Autoloading NIFs on Nerves

Making load-time crashes easier to debug

Native Implemented Functions (NIFs) let you significantly speed up code or make system calls that would otherwise be unavailable. However, they come with a significant cost in that when they go wrong, they can take down the entire Erlang VM. This is particularly challenging when using NIFs with Nerves when crashes happen at boot time.

A common Elixir idiom for loading NIFs with Nerves is defining a custom on_load function for a module and turning off autoloading:

@on_load {:load_nif, 0}
@compile {:autoload, false}

def load_nif() do
  nif_binary = Application.app_dir(:my_library, "priv/my_nif")
  :erlang.load_nif(to_charlist(nif_binary), 0)

By default, Elixir autoloads the module after compilation. Since Nerves crosscompiles NIFs for the target, the NIF will almost certainly fail to load on the build machine.

While effective, this idiom can make debugging NIFs harder. When a NIF fails to load on Nerves, the device reboots. This can lead to a slow and painful debug loop, involving adding printfs and repeatedly reflashing MicroSD cards. Even though Erlang supports loading modules on demand which can sometimes get NIF loads to occur after initialization, it still may not be easy to move the crash to a more convenient time.

There’s an alternative approach that offers easier debugging: Load the NIF when a function that actually calls into the NIF is invoked. This approach is straightforward since Elixir requires us to write stub functions for every function in the NIF any. Here’s a typical stub for a NIF function:

def do_something(), do: :erlang.nif_error(:nif_not_loaded)

The :erlang.nif_error/1 helper raises an exception if the NIF isn’t loaded. However, if the NIF is loaded, the corresponding C (or Zig or Rust, etc.) function is called instead.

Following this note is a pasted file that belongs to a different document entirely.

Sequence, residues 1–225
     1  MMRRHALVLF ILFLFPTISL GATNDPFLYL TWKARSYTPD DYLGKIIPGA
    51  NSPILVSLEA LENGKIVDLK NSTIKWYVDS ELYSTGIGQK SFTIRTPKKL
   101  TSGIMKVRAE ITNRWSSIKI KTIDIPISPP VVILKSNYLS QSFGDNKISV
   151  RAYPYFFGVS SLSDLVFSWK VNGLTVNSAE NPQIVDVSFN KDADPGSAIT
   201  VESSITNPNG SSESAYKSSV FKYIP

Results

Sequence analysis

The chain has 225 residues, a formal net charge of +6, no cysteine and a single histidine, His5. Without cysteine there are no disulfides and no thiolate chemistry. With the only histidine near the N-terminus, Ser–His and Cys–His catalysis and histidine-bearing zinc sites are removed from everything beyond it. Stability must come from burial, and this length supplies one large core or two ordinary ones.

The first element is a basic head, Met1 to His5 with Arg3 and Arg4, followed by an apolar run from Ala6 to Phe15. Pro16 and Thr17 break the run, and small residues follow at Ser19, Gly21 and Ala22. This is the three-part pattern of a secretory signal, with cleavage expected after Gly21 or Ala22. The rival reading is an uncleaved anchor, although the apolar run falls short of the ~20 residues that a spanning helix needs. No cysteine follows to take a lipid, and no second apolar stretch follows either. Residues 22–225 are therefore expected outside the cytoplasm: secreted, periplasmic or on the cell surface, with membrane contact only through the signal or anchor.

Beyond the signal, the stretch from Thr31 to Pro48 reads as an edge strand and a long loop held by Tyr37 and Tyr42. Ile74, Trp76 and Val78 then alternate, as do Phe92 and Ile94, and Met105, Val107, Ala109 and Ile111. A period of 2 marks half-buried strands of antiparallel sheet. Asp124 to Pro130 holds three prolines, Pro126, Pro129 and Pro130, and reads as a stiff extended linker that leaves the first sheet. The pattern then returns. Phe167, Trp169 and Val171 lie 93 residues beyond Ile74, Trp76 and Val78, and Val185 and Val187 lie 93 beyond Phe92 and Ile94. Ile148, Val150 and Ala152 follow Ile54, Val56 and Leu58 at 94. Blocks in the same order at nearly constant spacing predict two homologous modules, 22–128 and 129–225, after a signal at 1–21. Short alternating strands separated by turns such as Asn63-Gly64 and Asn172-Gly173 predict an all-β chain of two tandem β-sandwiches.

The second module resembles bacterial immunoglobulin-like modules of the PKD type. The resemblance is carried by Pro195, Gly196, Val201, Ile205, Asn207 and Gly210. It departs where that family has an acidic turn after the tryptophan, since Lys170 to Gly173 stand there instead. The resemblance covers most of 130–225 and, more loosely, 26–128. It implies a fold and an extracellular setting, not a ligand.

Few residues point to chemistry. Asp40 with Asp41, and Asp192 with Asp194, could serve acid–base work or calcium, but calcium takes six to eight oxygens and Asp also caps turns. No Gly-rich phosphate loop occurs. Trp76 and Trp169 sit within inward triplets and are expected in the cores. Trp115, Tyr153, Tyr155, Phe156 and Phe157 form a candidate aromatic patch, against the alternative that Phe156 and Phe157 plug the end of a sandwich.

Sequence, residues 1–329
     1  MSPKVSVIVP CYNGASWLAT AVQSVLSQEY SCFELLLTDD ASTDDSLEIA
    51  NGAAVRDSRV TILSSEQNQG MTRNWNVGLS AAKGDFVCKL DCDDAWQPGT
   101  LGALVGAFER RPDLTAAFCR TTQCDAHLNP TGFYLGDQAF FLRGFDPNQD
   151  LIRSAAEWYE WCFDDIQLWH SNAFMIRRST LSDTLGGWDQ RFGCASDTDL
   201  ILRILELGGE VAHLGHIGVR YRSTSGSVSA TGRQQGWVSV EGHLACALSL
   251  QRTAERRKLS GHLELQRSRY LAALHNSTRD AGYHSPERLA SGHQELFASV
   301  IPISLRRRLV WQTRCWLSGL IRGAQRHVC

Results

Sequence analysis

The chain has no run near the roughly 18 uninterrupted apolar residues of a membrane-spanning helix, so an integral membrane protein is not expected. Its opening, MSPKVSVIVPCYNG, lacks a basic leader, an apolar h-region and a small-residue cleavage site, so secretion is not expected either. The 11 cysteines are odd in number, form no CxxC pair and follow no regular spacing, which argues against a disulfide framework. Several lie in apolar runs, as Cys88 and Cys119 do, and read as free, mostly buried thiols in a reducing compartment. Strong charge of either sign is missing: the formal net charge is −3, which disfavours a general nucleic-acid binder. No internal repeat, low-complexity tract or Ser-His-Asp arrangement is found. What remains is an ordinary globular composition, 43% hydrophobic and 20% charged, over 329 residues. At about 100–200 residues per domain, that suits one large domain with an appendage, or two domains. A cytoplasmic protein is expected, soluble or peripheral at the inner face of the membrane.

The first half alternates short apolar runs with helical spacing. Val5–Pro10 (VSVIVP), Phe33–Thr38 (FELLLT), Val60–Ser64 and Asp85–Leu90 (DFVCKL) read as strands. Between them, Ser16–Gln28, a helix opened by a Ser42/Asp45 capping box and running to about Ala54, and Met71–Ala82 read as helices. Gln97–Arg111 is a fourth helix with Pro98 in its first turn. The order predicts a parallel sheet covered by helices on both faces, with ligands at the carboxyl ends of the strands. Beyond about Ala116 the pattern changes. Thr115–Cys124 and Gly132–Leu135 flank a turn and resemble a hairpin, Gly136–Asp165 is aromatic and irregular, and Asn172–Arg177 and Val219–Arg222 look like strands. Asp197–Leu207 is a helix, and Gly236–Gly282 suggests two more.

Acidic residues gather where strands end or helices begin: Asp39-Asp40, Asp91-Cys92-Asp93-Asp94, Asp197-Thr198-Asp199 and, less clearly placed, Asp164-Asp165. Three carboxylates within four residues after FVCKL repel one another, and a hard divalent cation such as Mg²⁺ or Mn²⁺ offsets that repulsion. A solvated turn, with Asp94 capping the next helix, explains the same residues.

Now, how can we load the NIF the first time the do_something/0 function is called?

First, remove the @on_load and @compile attributes at the top of the file since those are no longer needed. Then, modify do_something/0 as follows:

def do_something() do
  :ok = load_nif()
  apply(__MODULE__, :do_something, [])

Two points need to be highlighted:

  1. The :ok match for load_nif/0 ensures that the loading process works. Without this, if the loading doesn’t work, the next line will enter an endless recursion.
  2. The second point to note is that the apply/3 call is necessary to satisfy Dialyzer, a static analysis tool for BEAM languages. Dialyzer struggles to infer that load_nif/0 will replace the do_something/0 implementation and thus will complain that do_something/0 never returns.

With this change, if the NIF crashes on load and you need to debug, its easier to get the function call out of the boot or initialization path so that there’s an IEx prompt. Even though the call still crashes, more options are available:

  • Uploading new firmware over the network rather than replacing MicroSD cards
  • Uploading (like via sftp) test shared libraries to /data and loading those instead. See :code.delete/1 and :code.purge/1 for unloading the NIF.
  • Enabling more logging and sending it to a console port

One small side effect of delaying loading the NIF until use is that it might reduce boot time slightly. Loading NIFs is generally pretty quick, but if boot time is an issue, it’s one less thing to see when profiling.

Hopefully this alternative way of loading NIFs will prove handy to you as well.

nerves  elixir  nif 
comments powered by Disqus